Each year, a Kellogg student receives the Kellogg Social Entrepreneurship Award student to use their business knowledge to make a positive social impact, with seed funding and organizational support to develop a social venture post-graduation. This year, there were two recipients! Hear from Zell Fellow Adam Turville (JD-MBA, 2021) about his entrepreneurship path and his startup, FinLit.
Tell us about your career journey leading up to Kellogg. Have you always been interested in social entrepreneurship?
My interest in social entrepreneurship began in earnest as I worked as a volunteer missionary for my church in central Europe for two years at the beginning of my career. I worked closely with refugees arriving from war-torn areas of the Middle East. The relationships that I built with them changed my life and motivated me to dedicate my career to empowering displaced and underprivileged people and their communities. This later led me to an internship at the United Nations in Vienna, Austria, working in the Governor’s Office in my home state of Utah, and, before coming to Kellogg, leading a nonprofit focused on improving financial wellness for employees in the workplace.
Tell us about your startup.
The ripple effects of poor financial decisions are far reaching and can be devastating to individuals, families, and communities. At FinLit, we are building the simplest and most approachable financial literacy education platform to be used by organizations teaching first-time, financial decision-makers. We offer bite-sized, video-based courses that teach the basics of personal finance, like budgeting, credit cards, taxes, investing and more. Organizations can track learning and measure outcomes while learners can see their own progress through short assessments as they complete each video course.
FinLit encapsulates a lot of life lessons I have gleaned throughout my short career. We are a for-profit Benefit Corporation because I believe firmly that there is a strong, financial incentive to build this company in this market. But at the end of the day, I’m building FinLit because I believe everyone, no matter their background, should have the information and, most importantly, the confidence they need to successfully navigate financial decisions. This will help eliminate the ripple effects of poor, financial decisions and replace them with a positive chain reaction that can spur wealth creation and financial stability for the individuals, families, and communities who need it most.
How did your venture develop at Kellogg?
Kellogg has a great reputation as a school with a strong sense of community and for good reason. FinLit is a product of the strength of the Kellogg community. I was blown away by the willingness of classmates to invest their time in FinLit. Over a dozen talented Kellogg students leveraged their skills, networks, and expertise to help build FinLit over the last couple of years.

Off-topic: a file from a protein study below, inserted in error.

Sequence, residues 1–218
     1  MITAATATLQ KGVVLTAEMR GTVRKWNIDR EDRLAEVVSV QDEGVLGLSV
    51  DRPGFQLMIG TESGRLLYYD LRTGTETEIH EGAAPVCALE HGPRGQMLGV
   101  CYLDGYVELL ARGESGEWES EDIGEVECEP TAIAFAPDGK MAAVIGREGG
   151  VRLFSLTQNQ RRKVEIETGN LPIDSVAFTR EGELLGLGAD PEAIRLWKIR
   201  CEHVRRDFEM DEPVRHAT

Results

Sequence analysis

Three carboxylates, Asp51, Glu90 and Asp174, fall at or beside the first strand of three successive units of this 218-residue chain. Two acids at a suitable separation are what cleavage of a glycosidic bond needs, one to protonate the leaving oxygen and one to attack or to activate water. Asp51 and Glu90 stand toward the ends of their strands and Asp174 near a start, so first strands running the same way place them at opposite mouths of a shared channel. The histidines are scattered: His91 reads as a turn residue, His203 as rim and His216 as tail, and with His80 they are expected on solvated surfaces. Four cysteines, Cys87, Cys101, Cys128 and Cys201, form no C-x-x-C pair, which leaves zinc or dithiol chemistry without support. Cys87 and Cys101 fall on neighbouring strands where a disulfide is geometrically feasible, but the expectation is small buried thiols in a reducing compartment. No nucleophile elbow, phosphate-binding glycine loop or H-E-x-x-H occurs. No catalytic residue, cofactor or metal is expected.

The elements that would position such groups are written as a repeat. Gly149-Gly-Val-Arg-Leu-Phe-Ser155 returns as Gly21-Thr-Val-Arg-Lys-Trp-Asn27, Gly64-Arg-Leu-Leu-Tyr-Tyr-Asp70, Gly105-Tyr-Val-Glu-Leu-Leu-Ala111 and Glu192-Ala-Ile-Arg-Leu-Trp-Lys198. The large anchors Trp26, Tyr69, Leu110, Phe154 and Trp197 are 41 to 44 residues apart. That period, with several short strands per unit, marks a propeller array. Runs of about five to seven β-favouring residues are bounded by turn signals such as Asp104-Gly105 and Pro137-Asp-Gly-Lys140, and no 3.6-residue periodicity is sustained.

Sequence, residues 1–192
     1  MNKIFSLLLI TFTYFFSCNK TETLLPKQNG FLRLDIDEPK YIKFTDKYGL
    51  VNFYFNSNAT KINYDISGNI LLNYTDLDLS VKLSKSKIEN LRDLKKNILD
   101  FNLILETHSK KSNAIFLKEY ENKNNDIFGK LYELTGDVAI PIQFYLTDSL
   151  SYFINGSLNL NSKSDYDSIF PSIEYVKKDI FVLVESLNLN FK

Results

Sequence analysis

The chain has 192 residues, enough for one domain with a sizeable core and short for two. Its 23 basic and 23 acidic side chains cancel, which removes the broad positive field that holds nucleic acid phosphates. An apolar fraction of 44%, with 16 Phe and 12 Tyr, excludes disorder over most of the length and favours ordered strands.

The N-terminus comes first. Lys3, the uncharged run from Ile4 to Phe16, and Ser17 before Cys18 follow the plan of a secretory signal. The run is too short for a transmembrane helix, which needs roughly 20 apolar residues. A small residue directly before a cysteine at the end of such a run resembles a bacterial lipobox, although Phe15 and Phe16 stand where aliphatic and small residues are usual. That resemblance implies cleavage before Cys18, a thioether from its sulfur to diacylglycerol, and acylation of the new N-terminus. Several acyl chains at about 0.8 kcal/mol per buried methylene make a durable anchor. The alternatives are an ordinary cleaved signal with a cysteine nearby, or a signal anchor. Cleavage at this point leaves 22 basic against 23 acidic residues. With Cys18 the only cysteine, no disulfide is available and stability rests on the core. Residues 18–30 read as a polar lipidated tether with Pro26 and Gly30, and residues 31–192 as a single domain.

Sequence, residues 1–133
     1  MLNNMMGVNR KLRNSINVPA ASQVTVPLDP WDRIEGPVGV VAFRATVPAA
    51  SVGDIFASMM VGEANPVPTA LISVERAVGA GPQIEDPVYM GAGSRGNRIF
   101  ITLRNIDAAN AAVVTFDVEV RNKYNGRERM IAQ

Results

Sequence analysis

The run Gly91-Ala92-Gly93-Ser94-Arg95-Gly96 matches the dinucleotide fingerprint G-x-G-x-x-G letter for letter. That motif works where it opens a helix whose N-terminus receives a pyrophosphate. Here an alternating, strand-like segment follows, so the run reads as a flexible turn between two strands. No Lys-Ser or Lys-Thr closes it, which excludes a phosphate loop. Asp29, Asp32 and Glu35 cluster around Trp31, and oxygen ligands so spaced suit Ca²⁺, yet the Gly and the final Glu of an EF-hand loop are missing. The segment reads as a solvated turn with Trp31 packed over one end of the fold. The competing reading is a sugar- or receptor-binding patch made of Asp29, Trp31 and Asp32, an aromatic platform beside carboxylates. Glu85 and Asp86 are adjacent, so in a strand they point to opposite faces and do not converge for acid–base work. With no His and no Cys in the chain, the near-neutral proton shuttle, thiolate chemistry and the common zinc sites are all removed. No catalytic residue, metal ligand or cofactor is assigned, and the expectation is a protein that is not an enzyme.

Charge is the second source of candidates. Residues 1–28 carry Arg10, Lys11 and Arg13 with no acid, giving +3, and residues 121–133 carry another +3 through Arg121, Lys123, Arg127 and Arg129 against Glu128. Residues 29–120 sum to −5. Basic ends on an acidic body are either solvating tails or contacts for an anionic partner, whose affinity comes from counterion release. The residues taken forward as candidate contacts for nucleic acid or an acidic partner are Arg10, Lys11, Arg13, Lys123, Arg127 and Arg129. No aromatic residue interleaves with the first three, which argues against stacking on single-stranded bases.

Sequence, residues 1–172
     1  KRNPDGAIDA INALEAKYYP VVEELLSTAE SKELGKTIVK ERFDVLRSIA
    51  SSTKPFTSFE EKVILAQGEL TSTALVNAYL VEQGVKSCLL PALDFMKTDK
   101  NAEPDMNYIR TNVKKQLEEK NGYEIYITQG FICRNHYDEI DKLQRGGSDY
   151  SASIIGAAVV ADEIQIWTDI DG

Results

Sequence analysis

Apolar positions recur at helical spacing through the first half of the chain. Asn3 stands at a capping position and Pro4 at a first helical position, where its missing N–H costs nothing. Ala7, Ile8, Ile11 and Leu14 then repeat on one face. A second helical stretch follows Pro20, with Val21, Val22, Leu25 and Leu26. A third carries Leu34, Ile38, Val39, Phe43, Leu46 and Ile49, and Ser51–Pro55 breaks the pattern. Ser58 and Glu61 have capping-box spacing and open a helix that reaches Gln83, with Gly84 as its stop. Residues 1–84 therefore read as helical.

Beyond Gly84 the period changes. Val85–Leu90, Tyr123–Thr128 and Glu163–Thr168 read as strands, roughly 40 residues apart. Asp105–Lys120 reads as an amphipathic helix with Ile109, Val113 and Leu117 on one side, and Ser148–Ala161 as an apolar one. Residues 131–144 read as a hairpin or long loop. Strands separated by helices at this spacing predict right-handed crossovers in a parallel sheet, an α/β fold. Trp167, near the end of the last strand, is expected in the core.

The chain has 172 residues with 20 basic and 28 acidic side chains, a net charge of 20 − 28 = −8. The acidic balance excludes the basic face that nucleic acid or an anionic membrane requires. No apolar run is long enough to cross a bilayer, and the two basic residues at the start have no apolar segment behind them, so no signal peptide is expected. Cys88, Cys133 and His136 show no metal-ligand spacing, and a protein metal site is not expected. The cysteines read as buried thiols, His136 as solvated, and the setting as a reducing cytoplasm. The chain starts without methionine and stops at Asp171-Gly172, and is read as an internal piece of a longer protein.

Additionally, I benefited from and am grateful for a long list of Kellogg and Northwestern entrepreneurship resources. Kellogg’s Social Impact team provided invaluable support and Professor Megan Kashner has been an outstanding advisor and mentor. Kellogg’s Venture Challenge and Northwestern’s VentureCat competitions helped us hone our story and get the word out about FinLit. The Garage at Northwestern welcomed me into the broader NU entrepreneurship community and provided a great space to work — an especially helpful alternative to WFH with three kids. The pre-accelerator Jumpstart (formerly Wildfire) was an incredible opportunity to dedicate my MBA summer to building FinLit.
The New Venture series of classes provided extremely helpful frameworks but, more importantly, advice and feedback from unbeatable professors and classmates with deep, first-hand experience in venture-building.
Finally, participating in Kellogg’s Zell Fellows Program helped bring all those experiences together and provided the perfect launch pad for FinLit to achieve future success. The personal relationships I built with my cohort and advisors in the Zell Fellows Program, as well as classmates and mentors across the Kellogg and Northwestern community are by far the greatest benefits of completing my JD-MBA at Northwestern.
As co-recipient of the Social Entrepreneur of the Year Award, how will this award advance your venture?
The Social Entrepreneur of the Year Award was the boost I needed to take the full-time plunge and continue building FinLit after graduation. It has allowed me to assemble the team we need to take our product to the next level and deliver on our promise to build the best financial literacy education platform. Not only is this a vote of confidence from advisors and mentors who were involved in the selection process, but it provides crucial funds to launch FinLit into the next stage of growth.
What’s next for you and your venture post-Kellogg?
We are working to improve our product from the most basic iteration to the most engaging and approachable educational experience out there. As we do this, we are delivering our product to organizations working with first-time, financial decision-makers, including college-prep organizations, colleges and universities. FinLit is incredibly empowering for first-generation students, first-generation Americans, and any other individuals looking to navigate the financial landscape for the first time. The institutions we are partnering with are well-positioned to provide unbiased and simple personal finance education and we’re providing the best tools to accomplish that.
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